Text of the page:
A Growing Gap: Rising College Tuition vs. Income

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Source: U.S. Census Bureau 2013

The value of college may not be reflected in the cost of college.  However, the media attention to average student debt and annually rising college costs can mask the value of college.  In addition, when the average costs of goods and services (i.e. inflation) is greater than the average rise in earnings for 99% of Americans since 2009, the costs of college can take on a greater share of a family’s budget, further veiling the value of college.  However, the growing difference between median family income and college costs may have an unintended benefit in helping families determine the value of college.  While previous generations may have followed a parent or the neighbor kid to a college,  “shopping” for a college is becoming more prevalent; spring breaks and summer vacations are often combined with college scouting trips.  The more intensive investigation of a college can help families both identify and select the campuses that will provide the greatest value for their limited family budgets.  Furthermore, greater financial assistance from a college can result from a thorough college search, that allows college going students to find the campus that will “reward” their efforts from high school with merit scholarships, thus further maximizing family budgets for college expenses. While no one wants less income, the silver lining may be finding creative ways to spend less, and choose the right college that will provide the most value for each student.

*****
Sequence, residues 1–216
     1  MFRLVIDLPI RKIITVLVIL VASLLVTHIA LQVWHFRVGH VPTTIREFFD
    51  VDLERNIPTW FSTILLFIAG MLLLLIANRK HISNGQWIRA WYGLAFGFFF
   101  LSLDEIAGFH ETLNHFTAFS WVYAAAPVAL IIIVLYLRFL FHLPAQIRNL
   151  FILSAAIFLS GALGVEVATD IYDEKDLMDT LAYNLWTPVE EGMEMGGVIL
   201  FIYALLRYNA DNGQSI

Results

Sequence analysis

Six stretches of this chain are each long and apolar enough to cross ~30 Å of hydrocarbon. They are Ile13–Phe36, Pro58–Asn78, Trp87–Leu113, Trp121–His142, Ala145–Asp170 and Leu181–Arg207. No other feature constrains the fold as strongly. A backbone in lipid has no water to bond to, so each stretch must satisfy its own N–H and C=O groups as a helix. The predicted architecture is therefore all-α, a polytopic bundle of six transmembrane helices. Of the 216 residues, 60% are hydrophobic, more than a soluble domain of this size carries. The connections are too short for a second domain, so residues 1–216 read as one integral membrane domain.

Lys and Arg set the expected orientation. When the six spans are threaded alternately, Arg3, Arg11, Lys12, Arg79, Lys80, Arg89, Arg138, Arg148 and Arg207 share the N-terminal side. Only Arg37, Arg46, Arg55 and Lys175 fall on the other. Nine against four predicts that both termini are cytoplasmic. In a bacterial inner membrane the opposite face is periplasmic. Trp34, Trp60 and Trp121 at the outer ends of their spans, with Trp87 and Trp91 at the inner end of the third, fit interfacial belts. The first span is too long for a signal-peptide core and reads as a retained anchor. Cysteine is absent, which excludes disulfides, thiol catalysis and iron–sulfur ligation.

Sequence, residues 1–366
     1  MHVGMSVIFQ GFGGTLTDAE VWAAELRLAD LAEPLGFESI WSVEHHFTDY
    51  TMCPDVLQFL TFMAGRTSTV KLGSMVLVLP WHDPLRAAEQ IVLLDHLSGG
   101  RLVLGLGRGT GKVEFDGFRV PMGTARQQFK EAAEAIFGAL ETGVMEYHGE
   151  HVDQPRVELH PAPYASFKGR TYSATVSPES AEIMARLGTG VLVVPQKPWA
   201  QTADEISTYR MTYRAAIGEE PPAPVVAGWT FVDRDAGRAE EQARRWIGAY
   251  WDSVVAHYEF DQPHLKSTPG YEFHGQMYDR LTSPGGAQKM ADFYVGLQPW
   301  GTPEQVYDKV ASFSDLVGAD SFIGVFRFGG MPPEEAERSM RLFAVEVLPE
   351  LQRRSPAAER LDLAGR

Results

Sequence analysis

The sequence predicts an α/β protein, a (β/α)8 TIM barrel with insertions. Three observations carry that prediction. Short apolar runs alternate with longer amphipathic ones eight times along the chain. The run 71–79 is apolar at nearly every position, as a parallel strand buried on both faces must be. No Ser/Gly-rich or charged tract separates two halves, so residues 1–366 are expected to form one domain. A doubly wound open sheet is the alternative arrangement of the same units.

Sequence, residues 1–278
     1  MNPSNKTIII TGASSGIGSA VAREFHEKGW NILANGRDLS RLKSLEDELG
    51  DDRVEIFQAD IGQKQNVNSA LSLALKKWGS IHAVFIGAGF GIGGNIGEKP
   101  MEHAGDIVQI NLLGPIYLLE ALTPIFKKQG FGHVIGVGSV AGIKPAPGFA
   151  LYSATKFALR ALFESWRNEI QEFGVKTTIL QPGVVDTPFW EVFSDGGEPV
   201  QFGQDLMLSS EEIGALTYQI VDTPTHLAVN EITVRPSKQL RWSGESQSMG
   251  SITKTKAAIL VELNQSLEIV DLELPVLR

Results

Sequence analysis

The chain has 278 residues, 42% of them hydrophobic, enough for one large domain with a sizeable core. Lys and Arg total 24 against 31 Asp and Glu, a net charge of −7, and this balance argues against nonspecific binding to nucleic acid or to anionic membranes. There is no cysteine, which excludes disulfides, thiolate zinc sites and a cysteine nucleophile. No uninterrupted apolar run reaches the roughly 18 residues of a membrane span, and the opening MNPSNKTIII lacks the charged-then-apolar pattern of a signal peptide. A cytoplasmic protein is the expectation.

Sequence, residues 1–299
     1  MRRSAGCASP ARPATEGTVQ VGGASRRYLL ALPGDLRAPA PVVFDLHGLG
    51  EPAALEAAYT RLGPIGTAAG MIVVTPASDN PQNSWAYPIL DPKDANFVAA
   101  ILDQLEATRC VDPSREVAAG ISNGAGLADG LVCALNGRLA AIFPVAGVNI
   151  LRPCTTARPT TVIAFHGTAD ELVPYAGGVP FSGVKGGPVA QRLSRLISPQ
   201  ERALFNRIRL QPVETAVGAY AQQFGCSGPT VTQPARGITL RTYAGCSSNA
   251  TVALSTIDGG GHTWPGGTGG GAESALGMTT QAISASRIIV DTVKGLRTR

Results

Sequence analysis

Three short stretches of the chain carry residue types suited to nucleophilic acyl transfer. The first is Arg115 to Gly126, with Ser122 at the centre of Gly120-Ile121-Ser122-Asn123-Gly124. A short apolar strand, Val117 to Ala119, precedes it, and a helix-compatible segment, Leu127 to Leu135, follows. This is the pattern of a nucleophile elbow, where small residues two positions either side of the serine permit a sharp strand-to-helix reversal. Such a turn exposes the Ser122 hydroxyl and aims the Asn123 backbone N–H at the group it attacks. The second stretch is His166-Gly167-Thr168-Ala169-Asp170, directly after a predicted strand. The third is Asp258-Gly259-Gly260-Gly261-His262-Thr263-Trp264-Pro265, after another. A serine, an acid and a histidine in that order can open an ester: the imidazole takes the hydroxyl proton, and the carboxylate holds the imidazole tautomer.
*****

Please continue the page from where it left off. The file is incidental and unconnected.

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About Jill Yoshikawa, Ed M, Partner of Creative Marbles Consultancy

Jill Yoshikawa, EdM, Harvard ’99, a seasoned, 25 year educator and consultant, is meticulous in helping clients navigate all aspects of the educational experience, no matter the level of complexity. She combines educational theory with experience to advise families, schools and educators. A UCSD and Harvard graduate, as well as a former high school teacher, Jill works tirelessly to help her clients succeed.
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